P: I borrowed a copy of Texas Death Row back when I was still in college and it moved me. You once said in an interview that you wanted to humanize these people in the hopes of creating a discussion about the death penalty. You said that “how are we to discuss the death penalty if the people on the death row are already pathologised?” Do you think your images served your aim? Did they stir the pot?
KL: I think the photos were part of a broader conversation that continues. The photos were published in magazines world wide, and they continue to be used in stories about the Death Penalty. So in that sense I have added my voice to the conversation, and that has been rewarding. In the end the photos are a historical record of one man’s witness of capital punishment in America. One day when we no longer execute people, but choose more humane forms of punishment, like life in prison for horrific crimes, people may look back to try to understand the process, and hopefully they will see what I saw and photographed. It is very hard to disrupt what people have ingrained in their minds, especially aorund this issue.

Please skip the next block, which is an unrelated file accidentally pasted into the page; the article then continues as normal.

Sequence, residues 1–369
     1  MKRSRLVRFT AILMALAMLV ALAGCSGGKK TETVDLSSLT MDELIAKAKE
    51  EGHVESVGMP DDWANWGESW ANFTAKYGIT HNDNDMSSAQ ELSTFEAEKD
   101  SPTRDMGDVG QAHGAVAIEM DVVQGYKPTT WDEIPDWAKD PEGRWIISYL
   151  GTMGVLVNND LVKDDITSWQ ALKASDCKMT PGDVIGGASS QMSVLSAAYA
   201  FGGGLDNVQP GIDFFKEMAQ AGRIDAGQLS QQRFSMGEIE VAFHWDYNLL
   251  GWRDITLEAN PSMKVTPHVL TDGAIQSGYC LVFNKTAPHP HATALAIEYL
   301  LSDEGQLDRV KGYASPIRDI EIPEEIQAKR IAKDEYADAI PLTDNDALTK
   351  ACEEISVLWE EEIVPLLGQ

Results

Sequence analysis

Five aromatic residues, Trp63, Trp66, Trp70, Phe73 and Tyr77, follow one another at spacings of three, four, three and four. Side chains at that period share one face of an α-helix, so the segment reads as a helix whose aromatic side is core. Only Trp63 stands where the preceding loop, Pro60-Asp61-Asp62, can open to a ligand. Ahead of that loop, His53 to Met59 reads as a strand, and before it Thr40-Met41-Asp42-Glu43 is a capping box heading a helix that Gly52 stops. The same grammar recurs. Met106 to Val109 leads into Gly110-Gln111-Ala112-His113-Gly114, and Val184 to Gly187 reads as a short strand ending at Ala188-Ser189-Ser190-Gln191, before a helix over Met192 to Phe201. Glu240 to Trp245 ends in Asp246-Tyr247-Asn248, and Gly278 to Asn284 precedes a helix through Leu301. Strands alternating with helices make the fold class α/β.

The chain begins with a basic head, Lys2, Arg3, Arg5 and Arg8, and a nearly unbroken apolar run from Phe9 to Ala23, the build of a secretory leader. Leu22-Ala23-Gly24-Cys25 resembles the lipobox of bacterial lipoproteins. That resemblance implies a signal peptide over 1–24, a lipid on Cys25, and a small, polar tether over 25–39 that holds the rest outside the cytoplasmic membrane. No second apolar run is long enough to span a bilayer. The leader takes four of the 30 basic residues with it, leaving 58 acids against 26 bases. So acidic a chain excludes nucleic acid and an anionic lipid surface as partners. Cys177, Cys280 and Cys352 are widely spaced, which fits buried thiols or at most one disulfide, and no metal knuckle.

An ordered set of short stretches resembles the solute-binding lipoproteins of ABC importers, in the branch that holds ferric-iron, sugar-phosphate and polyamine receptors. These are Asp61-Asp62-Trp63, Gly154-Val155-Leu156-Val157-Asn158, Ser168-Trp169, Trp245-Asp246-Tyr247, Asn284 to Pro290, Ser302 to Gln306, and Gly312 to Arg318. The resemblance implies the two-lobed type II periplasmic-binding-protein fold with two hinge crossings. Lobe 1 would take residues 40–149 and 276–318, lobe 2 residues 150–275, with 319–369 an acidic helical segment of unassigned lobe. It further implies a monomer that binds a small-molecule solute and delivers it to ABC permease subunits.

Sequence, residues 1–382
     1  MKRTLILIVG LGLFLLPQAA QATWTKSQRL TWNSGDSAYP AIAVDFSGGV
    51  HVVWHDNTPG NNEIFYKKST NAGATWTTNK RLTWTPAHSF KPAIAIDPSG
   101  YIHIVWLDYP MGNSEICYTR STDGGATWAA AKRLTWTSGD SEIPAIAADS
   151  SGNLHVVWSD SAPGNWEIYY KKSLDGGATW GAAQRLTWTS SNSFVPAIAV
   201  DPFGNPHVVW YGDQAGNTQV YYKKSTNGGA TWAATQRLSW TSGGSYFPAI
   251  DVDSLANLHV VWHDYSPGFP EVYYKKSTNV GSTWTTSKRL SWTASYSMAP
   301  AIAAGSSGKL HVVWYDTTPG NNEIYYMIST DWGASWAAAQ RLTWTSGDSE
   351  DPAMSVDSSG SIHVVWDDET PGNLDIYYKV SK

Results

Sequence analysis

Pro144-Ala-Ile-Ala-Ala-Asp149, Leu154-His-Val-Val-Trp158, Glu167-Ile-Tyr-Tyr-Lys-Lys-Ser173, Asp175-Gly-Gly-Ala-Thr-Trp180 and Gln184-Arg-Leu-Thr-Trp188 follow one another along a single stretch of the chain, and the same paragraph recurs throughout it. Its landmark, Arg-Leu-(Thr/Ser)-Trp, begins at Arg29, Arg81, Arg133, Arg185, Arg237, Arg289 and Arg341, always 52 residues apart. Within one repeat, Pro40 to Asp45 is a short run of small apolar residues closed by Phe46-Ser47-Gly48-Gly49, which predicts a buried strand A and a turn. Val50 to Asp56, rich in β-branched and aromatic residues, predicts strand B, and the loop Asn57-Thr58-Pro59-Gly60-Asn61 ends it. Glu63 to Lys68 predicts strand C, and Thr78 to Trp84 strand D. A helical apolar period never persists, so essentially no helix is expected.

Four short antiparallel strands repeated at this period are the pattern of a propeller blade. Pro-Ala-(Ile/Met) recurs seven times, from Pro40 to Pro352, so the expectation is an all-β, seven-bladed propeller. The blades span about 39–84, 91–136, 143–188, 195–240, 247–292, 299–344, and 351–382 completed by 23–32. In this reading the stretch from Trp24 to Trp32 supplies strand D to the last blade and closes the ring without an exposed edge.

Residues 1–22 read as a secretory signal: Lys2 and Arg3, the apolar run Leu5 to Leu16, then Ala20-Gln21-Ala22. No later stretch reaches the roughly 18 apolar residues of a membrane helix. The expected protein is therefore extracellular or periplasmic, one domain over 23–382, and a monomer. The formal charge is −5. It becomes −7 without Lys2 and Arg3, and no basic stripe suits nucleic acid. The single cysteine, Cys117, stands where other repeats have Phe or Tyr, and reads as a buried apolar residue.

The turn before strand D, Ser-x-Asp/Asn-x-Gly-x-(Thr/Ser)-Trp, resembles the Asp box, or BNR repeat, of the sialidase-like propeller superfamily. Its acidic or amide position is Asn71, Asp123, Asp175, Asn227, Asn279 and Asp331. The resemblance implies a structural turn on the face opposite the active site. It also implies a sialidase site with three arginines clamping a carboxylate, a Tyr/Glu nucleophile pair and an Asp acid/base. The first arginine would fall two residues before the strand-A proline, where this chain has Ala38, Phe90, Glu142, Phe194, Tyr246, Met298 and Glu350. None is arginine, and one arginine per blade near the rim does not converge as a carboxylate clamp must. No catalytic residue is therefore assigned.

P: When you are working on your books such as Texas Death Row, Valley of Shadows & Dreams, Delta Time as well as Coal Hollow among many others, was there ever a time that you felt the need to stop being a photographer and be a human first and make genuine connections with the people you are photographing?
KL: I always try and be a human, making connections, talking to people, trying to hear their voice, but I always know I am a photographer. I am there because my passion for change and my passion for Photography have taken me to have this interaction in the first place.I hope that people understand that. I come from the Humanist tradition in photography and try to hold to that value.